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Alva Noto and Ryuichi Sakamoto—two senior figures in experimental music—have collaborated on six albums since 2002. Glass is a recording of their live improvisation, after just one rehearsal, at the architect Philip Johnson’s Glass House in Connecticut, using keyboards, mixers, glass singing bowls, crotales, and the architecture itself as an instrument.

This album is one track, 36 minutes in length. Moreso than some less narrative styles, it demands listening from start to finish. It is a story—an experience open to interpretation; and if an album of 10 tracks with silence between is a novel with chapters, Glass is a single poem of continuous verse. It is deeply immersive. And transportive.

The album begins with Ryuichi playing deeply reverberant harmonies on the crystal bowls, and Alva makes soft arching tones with a bow on the crotales, like miniature cymbals. (There’s a video recording online.) The sonic landscape deepens and extends with plush synthesised drones and granular textures, like nails tapping on glass and cascading wind chimes. What you might call sudden alien voices are Ryuichi dragging and drumming rubber mallets across the contact-mic’d glass walls of the house. The mood all this creates lies somewhere between tension and lullaby.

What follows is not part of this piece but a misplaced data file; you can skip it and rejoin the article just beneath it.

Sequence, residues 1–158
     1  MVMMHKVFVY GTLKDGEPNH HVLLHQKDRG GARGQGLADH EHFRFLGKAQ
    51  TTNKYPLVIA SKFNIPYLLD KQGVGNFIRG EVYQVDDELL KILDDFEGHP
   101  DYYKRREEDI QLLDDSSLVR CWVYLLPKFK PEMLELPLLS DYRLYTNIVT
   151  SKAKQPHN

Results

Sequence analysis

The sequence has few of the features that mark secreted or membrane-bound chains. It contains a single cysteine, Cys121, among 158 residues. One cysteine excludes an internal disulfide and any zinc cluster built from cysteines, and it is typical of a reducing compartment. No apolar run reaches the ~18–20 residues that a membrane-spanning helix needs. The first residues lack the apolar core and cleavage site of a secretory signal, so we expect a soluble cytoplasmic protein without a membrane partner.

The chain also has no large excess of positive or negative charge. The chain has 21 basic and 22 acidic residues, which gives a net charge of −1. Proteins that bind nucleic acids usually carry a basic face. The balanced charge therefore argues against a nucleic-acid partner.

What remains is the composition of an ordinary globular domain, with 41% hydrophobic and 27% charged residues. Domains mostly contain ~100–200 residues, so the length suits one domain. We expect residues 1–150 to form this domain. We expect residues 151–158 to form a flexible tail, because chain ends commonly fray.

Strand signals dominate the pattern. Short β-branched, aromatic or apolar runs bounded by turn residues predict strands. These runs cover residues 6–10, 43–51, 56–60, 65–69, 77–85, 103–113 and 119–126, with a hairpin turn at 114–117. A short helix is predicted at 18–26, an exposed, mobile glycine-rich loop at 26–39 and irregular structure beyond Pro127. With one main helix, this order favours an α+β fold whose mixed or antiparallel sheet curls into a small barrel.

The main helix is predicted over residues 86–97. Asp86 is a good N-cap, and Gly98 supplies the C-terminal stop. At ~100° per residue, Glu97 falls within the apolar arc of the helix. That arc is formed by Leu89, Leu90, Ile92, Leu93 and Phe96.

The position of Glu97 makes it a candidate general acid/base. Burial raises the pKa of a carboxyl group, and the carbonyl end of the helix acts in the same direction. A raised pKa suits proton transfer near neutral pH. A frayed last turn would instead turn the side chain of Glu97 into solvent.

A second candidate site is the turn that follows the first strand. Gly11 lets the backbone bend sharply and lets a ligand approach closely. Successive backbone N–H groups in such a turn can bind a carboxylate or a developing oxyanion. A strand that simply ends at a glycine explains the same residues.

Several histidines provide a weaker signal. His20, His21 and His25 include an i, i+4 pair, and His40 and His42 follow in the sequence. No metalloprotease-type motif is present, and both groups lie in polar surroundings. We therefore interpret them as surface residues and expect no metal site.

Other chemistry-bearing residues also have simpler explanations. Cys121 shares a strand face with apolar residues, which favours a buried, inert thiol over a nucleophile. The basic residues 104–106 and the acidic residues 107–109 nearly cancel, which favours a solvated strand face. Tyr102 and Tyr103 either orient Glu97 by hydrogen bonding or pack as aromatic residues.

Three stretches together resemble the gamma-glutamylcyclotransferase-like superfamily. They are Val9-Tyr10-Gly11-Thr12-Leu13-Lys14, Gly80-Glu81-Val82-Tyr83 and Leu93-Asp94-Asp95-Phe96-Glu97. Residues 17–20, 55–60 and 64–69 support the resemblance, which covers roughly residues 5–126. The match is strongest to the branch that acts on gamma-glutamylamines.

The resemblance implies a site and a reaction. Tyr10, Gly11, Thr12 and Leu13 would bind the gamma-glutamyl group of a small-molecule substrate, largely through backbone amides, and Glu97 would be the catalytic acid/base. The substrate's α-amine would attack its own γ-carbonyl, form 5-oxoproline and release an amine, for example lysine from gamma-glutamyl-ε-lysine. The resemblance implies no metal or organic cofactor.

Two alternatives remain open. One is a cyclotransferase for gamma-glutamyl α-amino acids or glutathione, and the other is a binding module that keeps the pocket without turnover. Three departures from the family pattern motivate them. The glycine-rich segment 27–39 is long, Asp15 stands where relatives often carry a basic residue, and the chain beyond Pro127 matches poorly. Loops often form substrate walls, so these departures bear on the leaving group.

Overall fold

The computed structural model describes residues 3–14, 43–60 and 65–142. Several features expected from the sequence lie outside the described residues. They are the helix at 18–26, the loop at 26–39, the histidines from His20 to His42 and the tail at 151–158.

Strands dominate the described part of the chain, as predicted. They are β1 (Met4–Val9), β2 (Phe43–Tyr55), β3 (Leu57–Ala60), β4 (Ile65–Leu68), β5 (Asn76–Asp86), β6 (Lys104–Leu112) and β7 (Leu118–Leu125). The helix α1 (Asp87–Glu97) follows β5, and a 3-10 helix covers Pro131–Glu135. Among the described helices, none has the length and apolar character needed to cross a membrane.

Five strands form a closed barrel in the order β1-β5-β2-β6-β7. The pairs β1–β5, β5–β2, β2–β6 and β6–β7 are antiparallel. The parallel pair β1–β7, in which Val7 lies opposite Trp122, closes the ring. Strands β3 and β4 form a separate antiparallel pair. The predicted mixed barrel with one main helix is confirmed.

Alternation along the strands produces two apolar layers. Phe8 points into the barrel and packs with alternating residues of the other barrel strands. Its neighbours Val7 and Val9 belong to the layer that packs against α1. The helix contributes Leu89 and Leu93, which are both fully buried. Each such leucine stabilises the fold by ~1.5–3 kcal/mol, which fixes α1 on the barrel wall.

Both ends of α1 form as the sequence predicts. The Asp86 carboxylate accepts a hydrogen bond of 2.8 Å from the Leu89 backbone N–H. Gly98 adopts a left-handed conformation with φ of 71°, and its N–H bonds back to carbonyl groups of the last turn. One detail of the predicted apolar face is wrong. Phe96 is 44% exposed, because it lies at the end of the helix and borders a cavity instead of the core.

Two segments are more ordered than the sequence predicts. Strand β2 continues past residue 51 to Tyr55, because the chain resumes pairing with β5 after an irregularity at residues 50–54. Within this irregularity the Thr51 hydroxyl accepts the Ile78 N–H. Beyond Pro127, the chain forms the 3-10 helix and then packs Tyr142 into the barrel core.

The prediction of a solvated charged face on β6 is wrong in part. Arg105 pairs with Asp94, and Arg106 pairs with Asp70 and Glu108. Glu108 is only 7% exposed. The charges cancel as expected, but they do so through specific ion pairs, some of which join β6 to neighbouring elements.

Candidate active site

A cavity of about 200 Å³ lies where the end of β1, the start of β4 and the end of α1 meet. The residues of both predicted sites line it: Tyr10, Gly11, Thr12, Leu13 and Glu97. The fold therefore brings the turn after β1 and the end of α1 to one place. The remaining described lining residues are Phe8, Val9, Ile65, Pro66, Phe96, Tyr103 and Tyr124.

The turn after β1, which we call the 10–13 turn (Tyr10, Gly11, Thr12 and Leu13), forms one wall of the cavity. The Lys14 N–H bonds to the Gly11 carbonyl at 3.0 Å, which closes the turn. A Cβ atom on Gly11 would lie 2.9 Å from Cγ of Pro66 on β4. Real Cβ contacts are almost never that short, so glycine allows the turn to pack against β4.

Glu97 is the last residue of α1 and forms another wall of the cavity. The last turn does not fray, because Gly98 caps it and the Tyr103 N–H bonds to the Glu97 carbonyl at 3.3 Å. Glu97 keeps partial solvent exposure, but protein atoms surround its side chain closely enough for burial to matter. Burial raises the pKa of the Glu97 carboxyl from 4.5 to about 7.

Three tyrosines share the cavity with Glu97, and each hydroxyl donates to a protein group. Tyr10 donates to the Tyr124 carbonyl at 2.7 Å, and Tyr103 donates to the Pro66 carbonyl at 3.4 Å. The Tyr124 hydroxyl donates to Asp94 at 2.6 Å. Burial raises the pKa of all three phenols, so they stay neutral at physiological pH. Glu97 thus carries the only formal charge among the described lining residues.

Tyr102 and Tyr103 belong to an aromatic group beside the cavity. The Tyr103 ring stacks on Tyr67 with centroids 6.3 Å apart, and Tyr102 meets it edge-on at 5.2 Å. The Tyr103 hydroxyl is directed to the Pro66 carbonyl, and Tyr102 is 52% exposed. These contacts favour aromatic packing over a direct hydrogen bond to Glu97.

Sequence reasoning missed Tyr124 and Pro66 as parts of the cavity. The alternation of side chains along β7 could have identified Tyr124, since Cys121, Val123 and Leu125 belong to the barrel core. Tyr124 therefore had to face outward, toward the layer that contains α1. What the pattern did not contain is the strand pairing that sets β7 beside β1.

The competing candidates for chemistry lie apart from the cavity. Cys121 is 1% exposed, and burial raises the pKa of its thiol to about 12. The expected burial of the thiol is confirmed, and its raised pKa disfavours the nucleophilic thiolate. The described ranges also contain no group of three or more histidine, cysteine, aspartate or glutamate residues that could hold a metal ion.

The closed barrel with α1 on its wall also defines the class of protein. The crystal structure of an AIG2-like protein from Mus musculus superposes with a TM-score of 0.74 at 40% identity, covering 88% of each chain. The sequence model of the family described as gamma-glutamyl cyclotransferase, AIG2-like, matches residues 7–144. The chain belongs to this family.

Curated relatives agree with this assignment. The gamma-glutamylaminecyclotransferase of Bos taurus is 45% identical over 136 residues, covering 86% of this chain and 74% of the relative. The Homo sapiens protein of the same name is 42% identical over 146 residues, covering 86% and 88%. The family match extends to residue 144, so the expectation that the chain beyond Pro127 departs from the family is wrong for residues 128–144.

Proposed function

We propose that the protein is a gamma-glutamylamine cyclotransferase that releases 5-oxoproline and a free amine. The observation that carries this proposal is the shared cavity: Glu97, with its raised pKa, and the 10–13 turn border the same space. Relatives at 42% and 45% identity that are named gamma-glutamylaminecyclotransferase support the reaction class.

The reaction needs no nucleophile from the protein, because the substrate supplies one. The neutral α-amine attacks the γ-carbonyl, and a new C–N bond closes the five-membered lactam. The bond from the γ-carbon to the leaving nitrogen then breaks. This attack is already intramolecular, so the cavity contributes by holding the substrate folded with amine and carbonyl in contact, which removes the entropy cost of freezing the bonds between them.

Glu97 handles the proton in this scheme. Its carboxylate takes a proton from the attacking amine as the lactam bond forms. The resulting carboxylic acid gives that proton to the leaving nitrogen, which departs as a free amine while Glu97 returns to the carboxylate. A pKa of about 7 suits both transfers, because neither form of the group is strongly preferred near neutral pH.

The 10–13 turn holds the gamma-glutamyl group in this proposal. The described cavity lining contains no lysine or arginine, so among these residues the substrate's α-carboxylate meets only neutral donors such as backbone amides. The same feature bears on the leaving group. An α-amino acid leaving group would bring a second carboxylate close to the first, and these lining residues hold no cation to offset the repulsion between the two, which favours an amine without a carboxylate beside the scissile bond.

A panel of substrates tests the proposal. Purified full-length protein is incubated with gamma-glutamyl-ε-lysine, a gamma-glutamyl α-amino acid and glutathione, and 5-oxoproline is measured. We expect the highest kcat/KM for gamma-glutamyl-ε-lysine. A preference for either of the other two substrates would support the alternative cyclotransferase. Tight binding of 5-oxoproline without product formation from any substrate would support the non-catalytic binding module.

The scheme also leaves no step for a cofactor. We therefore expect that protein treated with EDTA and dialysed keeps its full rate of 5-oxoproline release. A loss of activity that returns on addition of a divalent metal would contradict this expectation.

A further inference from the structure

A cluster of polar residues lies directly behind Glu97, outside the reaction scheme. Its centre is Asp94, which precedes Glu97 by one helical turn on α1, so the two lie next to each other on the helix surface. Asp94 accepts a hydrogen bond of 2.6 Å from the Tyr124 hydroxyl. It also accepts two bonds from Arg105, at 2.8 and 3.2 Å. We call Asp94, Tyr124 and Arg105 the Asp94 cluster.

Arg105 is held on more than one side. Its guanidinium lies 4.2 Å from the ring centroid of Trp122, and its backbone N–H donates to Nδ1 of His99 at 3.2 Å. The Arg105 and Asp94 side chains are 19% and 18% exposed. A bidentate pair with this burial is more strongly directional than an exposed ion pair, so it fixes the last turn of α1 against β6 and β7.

The arrangement flows on with subtly shifting elements; a layer introduced, another faded out, a sudden wave rising and breaking. And the effect you might experience is your imagination soaring at a meditative state that is both acutely conscious and blissfully dreamlike. Only as the sounds recede does the music’s momentum wind down. You anticipate the end and regain a more ordinary sense of time passing. To not disturb your listening pleasure, like in the cinema, this album should have a no-phones policy.

As a duo, Alva and Ryuichi have attained a virtuosic union. In their early works, such as the wonderful first album Vrioon, it is clear who’s doing what: Ryuichi on treated piano and Alva on electronics making glitch sounds. But the music of Glass is even more unified; the pair play a mix of acoustic and electronic instruments, and after so many years working together, this particular collaboration feels like the product of a single entity.

On reflection, Glass exemplifies what a beautifully mysterious form ambient improvisation can be. For just about the entire listening process, the boundary between your conscious and unconscious is diminished. You become almost unaware that you are listening to an audio recording for the music has somehow merged with your travelling thoughts. It’s like diving into a pool and swimming with your breath held the whole length. And then, when you break the water surface—itself like glass—and the music ends, you abruptly return to your reality. You might be left thoughtful and quiet, but most likely you’ll wish to dive straight back in.